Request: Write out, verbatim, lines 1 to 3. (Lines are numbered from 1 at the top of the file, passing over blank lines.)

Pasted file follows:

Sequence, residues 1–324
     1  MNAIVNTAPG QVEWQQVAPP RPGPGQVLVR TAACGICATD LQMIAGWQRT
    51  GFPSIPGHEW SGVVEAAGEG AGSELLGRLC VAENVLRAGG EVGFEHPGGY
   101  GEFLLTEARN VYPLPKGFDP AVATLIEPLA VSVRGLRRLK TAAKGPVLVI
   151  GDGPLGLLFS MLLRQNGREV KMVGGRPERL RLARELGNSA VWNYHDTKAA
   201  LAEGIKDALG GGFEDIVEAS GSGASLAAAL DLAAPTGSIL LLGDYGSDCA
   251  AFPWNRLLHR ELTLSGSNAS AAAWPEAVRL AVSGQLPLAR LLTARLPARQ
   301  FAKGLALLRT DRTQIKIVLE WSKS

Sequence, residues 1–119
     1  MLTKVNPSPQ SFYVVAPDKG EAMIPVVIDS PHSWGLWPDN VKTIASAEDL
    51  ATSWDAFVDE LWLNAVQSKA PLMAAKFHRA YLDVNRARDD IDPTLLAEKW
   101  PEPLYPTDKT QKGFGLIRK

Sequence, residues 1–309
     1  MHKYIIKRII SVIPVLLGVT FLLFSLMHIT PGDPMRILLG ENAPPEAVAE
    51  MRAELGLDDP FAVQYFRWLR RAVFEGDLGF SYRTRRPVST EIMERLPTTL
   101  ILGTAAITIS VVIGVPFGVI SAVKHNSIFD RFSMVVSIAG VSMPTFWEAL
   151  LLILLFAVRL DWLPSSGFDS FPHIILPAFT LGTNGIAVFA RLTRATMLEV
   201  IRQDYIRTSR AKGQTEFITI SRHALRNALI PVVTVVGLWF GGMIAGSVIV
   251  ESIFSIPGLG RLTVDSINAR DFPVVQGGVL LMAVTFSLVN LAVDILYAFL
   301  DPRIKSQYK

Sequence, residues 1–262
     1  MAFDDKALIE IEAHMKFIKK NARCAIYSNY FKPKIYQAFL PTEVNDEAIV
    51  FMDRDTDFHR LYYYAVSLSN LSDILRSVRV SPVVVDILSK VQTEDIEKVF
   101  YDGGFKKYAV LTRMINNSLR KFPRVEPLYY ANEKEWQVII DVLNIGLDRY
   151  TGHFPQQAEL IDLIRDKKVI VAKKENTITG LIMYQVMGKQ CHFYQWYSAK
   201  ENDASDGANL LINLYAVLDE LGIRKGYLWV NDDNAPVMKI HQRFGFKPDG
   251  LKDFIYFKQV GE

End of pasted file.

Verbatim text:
Sequence, residues 1–324
     1  MNAIVNTAPG QVEWQQVAPP RPGPGQVLVR TAACGICATD LQMIAGWQRT
    51  GFPSIPGHEW SGVVEAAGEG AGSELLGRLC VAENVLRAGG EVGFEHPGGY